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Think Family Database shows how joining up data can add value

10 September 2018

Bristol Health Partners has a strategic programme called ‘Using Data Better’. Part of the work promotes the use of data to improve health and care outcomes through research and service planning. The local Think Family Database shows how this can happen in practice.

Set up by Bristol City Council, the Think Family Database (TFD) pulls data from around 30 different public sector sources, creating a rich and diverse dataset covering the 54,000 families across the city of Bristol. It's used by front line workers who are supporting some of the city's most challenged families.

The council created it in response to the national Troubled Families programme, which aims to improve outcomes for families whilst reducing cost and demand on the public sector, through an effective early intervention strategy.

The data in TFD relates to a number of indicators in the following categories:

  • Parents and young people involved in crime or antisocial behaviour
  • Children who have not been attending school regularly
  • Children who need help
  • Adults out of work or at risk of financial exclusion, and young people at risk of worklessness
  • Families affected by domestic violence and abuse
  • Parents and children with a range of health problems

Collecting, processing and presenting data on these criteria allows a deeper understanding of the vulnerabilities facing the city's families, allows resources to be allocated more effectively, and enables predictive risk modelling to target support at those who need it most.

Data is pulled from different sources across the public sector, including Bristol City Council, Avon and Somerset Constabulary, the Department for Work and Pensions and the Department for Education. Having data from such a wide range of sources allows for a much richer and detailed picture of families for case workers, allowing them to intervene more effectively and so deliver better outcomes.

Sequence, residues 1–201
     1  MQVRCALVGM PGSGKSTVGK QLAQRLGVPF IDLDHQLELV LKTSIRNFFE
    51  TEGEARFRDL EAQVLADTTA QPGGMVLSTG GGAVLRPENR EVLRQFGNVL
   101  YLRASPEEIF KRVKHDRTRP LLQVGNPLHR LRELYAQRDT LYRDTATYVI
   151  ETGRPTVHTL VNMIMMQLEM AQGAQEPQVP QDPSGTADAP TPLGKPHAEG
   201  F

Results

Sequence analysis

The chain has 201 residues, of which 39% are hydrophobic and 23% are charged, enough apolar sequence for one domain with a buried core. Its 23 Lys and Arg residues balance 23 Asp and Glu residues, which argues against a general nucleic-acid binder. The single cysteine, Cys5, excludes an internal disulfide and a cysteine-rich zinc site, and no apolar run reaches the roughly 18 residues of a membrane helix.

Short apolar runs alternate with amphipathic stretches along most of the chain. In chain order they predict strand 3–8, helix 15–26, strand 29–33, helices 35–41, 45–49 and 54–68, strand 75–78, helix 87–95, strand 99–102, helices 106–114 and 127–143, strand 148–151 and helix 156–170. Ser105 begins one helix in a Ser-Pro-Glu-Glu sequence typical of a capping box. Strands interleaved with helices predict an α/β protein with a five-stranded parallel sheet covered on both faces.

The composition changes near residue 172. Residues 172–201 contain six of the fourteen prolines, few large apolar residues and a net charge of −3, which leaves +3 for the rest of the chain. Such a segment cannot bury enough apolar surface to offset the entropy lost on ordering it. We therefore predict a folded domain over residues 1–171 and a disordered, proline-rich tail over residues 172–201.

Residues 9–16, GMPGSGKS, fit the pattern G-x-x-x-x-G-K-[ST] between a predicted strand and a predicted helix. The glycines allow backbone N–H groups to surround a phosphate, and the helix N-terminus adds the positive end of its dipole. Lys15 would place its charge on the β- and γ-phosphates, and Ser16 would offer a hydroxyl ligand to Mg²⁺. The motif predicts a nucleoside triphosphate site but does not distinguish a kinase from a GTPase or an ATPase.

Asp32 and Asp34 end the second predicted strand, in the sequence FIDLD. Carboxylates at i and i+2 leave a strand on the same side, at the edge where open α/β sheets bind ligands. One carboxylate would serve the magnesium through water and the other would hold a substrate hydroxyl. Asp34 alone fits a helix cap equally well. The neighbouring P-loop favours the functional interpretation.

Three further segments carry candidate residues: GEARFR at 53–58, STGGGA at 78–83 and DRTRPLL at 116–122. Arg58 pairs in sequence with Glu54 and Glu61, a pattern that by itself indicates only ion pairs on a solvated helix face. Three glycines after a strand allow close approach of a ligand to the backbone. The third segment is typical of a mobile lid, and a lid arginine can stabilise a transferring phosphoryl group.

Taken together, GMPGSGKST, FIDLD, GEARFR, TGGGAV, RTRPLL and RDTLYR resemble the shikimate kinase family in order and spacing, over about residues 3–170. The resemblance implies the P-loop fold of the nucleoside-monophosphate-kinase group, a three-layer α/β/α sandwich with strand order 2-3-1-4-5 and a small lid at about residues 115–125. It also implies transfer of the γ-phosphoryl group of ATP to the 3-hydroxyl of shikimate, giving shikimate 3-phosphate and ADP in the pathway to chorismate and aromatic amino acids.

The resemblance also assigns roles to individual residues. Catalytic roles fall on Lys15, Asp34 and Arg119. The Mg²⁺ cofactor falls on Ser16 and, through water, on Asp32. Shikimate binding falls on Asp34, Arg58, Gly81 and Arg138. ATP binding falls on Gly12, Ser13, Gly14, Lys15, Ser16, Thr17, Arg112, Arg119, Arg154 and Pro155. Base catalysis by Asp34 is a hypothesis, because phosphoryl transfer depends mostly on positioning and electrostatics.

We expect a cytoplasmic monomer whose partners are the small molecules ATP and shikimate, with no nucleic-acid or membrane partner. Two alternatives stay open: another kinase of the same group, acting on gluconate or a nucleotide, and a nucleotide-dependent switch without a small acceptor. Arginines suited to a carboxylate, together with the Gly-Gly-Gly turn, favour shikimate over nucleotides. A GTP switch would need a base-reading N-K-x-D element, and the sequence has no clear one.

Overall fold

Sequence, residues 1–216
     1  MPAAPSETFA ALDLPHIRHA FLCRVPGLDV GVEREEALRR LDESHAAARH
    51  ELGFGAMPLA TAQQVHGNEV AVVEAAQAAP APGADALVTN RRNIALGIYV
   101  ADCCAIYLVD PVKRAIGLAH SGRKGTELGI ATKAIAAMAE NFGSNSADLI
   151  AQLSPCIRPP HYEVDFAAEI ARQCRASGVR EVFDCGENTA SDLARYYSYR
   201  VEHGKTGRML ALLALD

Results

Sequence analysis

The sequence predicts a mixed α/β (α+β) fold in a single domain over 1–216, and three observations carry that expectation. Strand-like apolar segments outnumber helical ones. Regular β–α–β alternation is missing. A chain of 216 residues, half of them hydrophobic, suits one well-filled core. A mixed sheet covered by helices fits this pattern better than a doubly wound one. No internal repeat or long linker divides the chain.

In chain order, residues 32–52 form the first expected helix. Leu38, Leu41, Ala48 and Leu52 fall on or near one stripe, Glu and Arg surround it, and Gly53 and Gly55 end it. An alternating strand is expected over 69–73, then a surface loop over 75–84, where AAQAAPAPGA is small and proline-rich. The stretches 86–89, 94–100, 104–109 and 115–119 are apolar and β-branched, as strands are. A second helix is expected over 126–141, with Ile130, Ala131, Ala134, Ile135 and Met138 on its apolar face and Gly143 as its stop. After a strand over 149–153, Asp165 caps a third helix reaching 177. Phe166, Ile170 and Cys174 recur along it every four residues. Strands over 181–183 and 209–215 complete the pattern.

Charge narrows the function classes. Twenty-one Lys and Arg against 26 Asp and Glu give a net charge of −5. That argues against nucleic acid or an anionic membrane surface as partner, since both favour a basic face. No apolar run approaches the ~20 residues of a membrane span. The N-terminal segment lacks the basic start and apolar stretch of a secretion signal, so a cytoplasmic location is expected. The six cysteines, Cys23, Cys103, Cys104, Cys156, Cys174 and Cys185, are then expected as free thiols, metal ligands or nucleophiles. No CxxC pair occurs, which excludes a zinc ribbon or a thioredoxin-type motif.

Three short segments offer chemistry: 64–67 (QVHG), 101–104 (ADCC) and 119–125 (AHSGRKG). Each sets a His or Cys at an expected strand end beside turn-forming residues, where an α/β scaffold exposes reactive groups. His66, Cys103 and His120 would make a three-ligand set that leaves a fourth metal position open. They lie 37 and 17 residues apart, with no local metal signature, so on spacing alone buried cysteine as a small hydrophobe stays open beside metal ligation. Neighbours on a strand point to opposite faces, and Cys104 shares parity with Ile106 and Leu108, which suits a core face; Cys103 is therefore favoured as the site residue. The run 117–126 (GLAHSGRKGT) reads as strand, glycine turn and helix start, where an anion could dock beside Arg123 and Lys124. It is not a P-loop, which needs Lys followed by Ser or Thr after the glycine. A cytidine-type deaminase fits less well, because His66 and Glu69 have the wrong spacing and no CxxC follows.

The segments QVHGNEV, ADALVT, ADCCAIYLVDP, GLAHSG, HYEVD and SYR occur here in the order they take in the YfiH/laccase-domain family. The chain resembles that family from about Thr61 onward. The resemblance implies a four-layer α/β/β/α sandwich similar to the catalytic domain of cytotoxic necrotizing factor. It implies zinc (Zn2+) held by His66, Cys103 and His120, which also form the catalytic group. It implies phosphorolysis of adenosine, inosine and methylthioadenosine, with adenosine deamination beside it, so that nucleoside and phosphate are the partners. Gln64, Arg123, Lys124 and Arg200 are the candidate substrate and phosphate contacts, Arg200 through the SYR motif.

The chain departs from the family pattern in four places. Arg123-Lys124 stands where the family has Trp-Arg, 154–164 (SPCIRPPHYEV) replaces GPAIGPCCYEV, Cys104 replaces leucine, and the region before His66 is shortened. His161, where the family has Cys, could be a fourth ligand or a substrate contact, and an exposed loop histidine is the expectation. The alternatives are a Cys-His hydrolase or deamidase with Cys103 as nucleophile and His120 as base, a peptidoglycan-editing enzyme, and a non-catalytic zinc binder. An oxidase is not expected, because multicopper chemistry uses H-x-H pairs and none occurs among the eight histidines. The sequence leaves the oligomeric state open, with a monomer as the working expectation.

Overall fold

The data in the Think Family Database is updated regularly. Most datasets are refreshed weekly, though they are working towards daily updates. The data is processed and prepared before it is stored in the warehouse, so any messy or duplicate information can be removed or corrected before it goes in the database. This ensures they only report reliable and clean information to the database users.

Once the data is checked and ready for import to the database, algorithms create a ‘fuzzy match’ between new and existing records. This identifies any potential duplicates and matches them to existing entries. The imported data is instantly available for users.

The Think Family Database has had a significant impact on front line workers. Before TFD, they could only see a narrow picture of the issues affecting a family, and it was difficult to identify families that were at risk of needing costly and intensive interventions. The database has had positive feedback from users and statutory assessments, as well as national recognition from the Ministry of Housing, Communities and Local Government. It has also been shortlisted for two major national awards.

Think Family Database shows how joining up data can add value
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